Delhi Riots: 5 Accused Of Murdering Head Constable Ratan Lal Get Bail

The Delhi High Court delivered its verdict on a batch of bail pleas filed by those accused in the February 2020 riots.

The Delhi High Court granted bail to five persons accused in connection with the murder of Head Constable Ratan Lal and causing head injuries to a North-East Delhi Deputy Commissioner of Police during the February 2020 riots. The high court observed that it was the court's Constitutional Duty to ensure that there was no "arbitrary deprivation of personal liberty in the face of excess of State power".

The high court on Friday granted bail to five of the 11 accused in this matter. In a largely common bail order, the high court pointed out that "bail is the rule and jail is the exception, and Courts must exercise their jurisdiction to uphold the tenets of personal liberty, subject to rightful regulation of the same...".

"In view of the facts and circumstances of the cases, without commenting on the merits of the matter, this Court is of the opinion that the Petitioner cannot be made to languish behind bars for a longer period of time, and that the veracity of the allegations leveled against him can be tested during the trial," the high court said while granting bail.

Justice Subramonium Prasad had reserved the order after hearing detailed arguments by counsels appearing for the accused and Additional Solicitor General (ASG) SV Raju and Special Public Prosecutor Amit Prasad appearing for Delhi police.

"By granting bail to the accused, the judge has upheld the cannons of justice in appreciating and giving a decisive verdict on false prosecutions and persecution of innocent persons," counsel of one of the accused Tanveer Ahmed Mir said.

Also Read: Delhi Riots: Police Failed to Prove Case Against Tahir Hussain's Brother

Dissent occupies a fundamental stature in a democratic polity

Dissent occupies a fundamental stature in a democratic polity, the high court said. "The sole act of protesting should not be employed as a weapon to justify the incarceration of those who exercise this right," the order pertaining to two of the accused read.

Justice Subramonium Prasad reasoned that the Supreme Court has time and again held that Courts need to be alive to both ends of the spectrum, i.e. the duty of the Courts to ensure proper enforcement of criminal law, and the duty of the Courts to ensure that the law does not become a tool for targeted harassment."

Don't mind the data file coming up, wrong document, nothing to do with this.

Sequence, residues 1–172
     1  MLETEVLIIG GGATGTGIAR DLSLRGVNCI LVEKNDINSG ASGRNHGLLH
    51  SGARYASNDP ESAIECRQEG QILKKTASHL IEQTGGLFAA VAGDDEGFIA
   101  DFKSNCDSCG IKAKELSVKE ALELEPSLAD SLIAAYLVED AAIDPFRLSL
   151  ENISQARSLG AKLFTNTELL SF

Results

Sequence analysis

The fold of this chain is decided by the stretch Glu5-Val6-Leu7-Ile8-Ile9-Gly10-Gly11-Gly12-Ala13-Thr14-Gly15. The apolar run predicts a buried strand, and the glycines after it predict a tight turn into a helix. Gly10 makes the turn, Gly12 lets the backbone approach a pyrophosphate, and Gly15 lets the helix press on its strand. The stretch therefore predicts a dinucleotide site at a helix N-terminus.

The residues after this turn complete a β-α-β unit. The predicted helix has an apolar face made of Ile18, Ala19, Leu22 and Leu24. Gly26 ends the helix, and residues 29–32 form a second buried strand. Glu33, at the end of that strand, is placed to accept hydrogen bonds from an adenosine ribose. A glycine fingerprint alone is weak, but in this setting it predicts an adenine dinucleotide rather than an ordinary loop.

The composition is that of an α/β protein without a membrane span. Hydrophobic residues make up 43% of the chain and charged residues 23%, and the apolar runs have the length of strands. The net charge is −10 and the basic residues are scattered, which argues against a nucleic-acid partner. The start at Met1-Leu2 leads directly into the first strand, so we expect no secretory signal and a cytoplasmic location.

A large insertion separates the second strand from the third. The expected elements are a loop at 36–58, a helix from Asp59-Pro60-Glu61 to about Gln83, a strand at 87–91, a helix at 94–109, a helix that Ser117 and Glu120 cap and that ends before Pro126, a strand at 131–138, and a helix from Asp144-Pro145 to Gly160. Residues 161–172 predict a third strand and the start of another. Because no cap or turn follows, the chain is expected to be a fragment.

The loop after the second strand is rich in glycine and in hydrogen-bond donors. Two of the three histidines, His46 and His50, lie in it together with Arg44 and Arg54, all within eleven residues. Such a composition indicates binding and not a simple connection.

With respect to Shadab Ahmed, one of the five who was granted bail today, the high court said that just because he was one of the organisers of the protest as well as being in touch with others who participated in the protest, was not sufficient enough grounds to justify that he was involved in the pre-planning of the alleged incident.

"It is to be noted that the right to protest and express dissent is a right which occupies a fundamental stature in a democratic polity, and therefore, the sole act of protesting should not be employed as a weapon to justify the incarceration of those who are exercising this right," the high court order read.

The high court gave its order on five of the 11 pleas filed in connection with this case. The order on the remaining six pleas will be pronounced sometime next week.

Also Read: State Blurred Lines Between Right to Protest and Terrorism: Delhi HC

During arguments, the high court had queried on what the parameters should be while granting bail in a case pertaining to unlawful assembly read with murder. Considering the large number of people arrested in this matter and the likelihood of different punishments they would get depending on their role in the crime, Justice Subramonium Prasad wondered whether it was fair to curtail the liberty of all the accused till the completion of the trial.

Counsels appearing for the accused argued that the mere presence of their client at the scene of the incident did not prove their complicity in the crime. "Their behaviour and conduct have to be seen...When there is a long gathering of people, it is difficult to determine who was there with the common object and who would just happen to be there but could not be said to have a common object..." senior advocate Salman Khurshid argued. "The Court has to distinguish the case of those who may be in the group but cannot be attributed of a common object from those who assembled with a common object," he submitted.

Rebutting the arguments, ASG Raju had submitted that it was a "clear case" where bail was not warranted. "If an accused is seen and identified in a video it is a plus-point. However, the mere absence in the video will not exonerate the accused of the charges," Raju argued.

On the issue of delay in recording of witness statements, Raju had argued that circumstances of the time when the incident happened must be taken into account.

"People were terrified to come forward, identify witnesses...Corona. It is a matter of trial if the evidence is to be believed or not," Raju had said.

Also Read: Delhi Riots: Court Slams Delhi Police For "Very Poor" Standard Of Probe

Updated On: 2021-09-03T15:45:24+05:30
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